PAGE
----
Title: How do arboviruses escape the mosquito midgut? - Analysis of a novel mechanism Project Summary. Following ingestion of a viremic bloodmeal from a vertebrate host, an arbovirus enters the midgut lumen of a mosquito vector (such as Aedes aegypti) along with the bloodmeal. The virus then needs to enter and infect the midgut epithelial cells of the midgut before the virus disseminates from the midgut to secondary tissues including the salivary glands. Once these are infected, the mosquito transmits the virus to another vertebrate host during probing. The molecular nature of the exit mechanism of the virus from the midgut, has been unresolved so far. In this grant application, we will reveal this mechanism and its genetic background using a multifaceted portfolio of state-of-the-art methodologies. Our previous studies demonstrated that during bloodmeal digestion, chikungunya virus (CHIKV) exits the mosquito midgut via the basal lamina (BL) surrounding the organ. The BL predominantly consists of collagen IV and laminin and its typical pore size exclusion limit appears to be too small for virions to pass through. However, during bloodmeal digestion, the BL alters its structure as midgut-associated collagen IV becomes greatly diminished. We hypothesized that it is this structural change in the BL that allows virions to exit the midgut during bloodmeal digestion. In eukaryotes, known proteinases that modify the extracellular matrix including the BL are matrix metalloproteinases, ADAM/ADAMTS, and serine collagenases. We hypothesize that these classes of proteinases, which are also present in mosquitoes, are responsible for midgut BL modification during bloodmeal digestion. To test these two hypotheses, we propose the following three Specific Aims for this application: 1.) Analyze BL degradation/remodeling and CHIKV dissemination in Ae. aegypti by ultrastructural studies and proteomic analysis; 2.) Identify proteinases that are involved in the BL modification process during bloodmeal digestion and CHIKV dissemination; 3.) Assess whether other viruses (such as Zika, dengue, and Mayaro viruses) utilize the same midgut escape mechanism as observed for CHIKV and how transgenic manipulation of proteinase-of-interest expression affects viral midgut escape in mosquitoes. Completion of these Specific Aims will provide a comprehensive picture explaining the mechanism of the midgut escape barrier, which key enzymes are involved in the mechanism, and whether the mechanism elucidated for CHIKV is the paradigm for other arboviruses. Our results will be critical for developing novel control strategies aimed at manipulating arbovirus midgut escape in mosquitoes. Our findings will also provide the research community with the possibility to develop novel genetic markers for vector competence based on midgut escape.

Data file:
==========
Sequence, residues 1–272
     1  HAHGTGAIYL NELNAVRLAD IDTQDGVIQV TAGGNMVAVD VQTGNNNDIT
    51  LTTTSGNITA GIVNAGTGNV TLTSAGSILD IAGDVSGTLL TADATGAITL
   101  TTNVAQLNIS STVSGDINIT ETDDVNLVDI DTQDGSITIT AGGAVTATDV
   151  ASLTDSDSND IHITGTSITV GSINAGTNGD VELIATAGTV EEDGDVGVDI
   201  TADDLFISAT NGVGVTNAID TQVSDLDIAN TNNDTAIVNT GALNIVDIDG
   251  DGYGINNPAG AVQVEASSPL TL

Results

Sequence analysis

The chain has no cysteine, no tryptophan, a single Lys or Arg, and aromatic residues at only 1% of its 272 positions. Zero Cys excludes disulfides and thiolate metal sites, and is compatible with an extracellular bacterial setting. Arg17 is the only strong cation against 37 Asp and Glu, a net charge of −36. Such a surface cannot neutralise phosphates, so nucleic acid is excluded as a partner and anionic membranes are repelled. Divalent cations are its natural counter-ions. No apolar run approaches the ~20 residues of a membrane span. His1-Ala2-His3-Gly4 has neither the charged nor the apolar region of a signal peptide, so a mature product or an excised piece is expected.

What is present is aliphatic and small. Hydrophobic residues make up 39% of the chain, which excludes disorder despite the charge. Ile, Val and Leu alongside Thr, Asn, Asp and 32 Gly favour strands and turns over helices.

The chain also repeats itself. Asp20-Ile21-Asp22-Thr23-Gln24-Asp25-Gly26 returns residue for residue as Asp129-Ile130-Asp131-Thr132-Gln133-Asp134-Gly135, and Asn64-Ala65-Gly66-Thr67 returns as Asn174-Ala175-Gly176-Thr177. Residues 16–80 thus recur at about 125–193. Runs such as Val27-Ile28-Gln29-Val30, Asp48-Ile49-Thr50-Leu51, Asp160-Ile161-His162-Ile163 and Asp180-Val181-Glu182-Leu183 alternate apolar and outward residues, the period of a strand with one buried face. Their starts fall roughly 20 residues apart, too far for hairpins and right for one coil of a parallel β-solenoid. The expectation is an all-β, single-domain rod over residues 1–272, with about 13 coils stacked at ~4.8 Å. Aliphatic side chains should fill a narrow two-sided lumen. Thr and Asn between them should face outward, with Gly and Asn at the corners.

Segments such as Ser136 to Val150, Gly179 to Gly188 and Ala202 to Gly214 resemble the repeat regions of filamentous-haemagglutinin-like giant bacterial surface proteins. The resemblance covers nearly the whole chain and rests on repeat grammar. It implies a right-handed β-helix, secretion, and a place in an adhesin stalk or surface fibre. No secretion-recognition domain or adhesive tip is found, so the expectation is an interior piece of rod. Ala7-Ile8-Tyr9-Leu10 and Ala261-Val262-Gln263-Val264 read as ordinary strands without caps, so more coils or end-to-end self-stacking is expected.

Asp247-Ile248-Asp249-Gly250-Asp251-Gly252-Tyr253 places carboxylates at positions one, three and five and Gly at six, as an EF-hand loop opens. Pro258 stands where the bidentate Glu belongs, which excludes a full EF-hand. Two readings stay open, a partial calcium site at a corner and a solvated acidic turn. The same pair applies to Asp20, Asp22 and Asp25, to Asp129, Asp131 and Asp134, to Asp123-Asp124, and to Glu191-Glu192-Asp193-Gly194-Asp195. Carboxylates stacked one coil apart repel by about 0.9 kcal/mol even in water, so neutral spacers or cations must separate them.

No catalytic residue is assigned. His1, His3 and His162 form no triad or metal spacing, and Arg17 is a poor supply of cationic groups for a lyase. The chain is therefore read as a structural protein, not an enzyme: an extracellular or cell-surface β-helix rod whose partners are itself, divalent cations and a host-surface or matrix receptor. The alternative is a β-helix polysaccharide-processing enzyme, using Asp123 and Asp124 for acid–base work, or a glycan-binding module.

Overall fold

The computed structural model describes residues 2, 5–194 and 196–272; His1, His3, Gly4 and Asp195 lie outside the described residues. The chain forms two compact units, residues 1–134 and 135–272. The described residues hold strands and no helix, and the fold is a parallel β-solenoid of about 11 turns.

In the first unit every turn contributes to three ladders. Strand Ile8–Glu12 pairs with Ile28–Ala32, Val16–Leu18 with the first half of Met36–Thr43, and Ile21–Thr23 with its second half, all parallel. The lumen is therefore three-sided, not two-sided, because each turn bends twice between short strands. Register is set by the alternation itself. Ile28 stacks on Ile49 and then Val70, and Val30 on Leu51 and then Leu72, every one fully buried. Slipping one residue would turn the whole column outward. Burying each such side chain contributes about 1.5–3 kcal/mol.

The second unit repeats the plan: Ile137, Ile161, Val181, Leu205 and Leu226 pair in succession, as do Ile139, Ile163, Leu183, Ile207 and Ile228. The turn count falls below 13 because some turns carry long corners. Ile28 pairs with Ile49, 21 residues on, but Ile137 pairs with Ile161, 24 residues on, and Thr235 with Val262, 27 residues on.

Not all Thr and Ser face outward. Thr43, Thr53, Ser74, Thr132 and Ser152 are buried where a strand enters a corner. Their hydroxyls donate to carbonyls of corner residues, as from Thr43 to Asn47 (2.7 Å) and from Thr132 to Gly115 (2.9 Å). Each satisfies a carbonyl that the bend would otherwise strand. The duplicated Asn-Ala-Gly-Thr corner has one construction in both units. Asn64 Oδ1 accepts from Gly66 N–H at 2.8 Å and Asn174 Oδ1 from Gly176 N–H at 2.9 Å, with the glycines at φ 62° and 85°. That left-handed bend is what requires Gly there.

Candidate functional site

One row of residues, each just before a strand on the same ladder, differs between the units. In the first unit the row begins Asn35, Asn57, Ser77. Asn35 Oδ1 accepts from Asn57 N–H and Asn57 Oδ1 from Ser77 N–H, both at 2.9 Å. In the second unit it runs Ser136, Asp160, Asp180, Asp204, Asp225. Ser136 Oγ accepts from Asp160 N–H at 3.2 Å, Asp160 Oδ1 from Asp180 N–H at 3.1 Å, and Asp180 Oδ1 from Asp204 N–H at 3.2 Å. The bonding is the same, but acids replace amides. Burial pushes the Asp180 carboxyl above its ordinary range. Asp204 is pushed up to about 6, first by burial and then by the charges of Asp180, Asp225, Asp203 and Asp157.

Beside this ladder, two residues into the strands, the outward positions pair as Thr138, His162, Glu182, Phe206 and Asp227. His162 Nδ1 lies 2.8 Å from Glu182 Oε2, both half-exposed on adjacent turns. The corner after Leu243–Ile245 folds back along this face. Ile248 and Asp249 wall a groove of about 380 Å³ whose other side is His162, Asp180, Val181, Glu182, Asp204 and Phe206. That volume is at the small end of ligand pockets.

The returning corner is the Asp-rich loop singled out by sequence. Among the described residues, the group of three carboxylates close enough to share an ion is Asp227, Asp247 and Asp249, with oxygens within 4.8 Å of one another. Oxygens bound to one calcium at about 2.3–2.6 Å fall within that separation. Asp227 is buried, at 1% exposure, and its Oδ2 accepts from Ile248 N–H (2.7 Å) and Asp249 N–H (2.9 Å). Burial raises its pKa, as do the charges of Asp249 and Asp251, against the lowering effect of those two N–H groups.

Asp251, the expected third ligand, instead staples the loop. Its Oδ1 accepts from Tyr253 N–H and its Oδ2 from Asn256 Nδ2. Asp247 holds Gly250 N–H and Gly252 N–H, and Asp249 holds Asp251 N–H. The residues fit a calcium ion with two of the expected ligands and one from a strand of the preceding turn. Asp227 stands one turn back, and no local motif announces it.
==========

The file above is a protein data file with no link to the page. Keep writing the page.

Public Health Relevance

The midgut escape barrier for arboviruses in mosquitoes is an important determinant of vector competence and its underlying molecular mechanism is not understood. This proposal aims at elucidating the mechanism of the midgut escape barrier for chikungunya, dengue, Zika, and Mayaro viruses by employing state-of-the art imaging technology, proteomics, and gene expression studies. The outcome of this application will allow the development of novel virus control strategies aimed at manipulating the midgut escape barrier and it will provide researchers with new tools to analyze variation in mosquito vector competence for arboviruses among field populations.

National Institute of Health (NIH)
National Institute of Allergy and Infectious Diseases (NIAID)
Research Project (R01)
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Vector Biology Study Section (VB)
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Dupuy, Lesley Conrad
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University of Missouri-Columbia
Veterinary Sciences
Schools of Veterinary Medicine
United States
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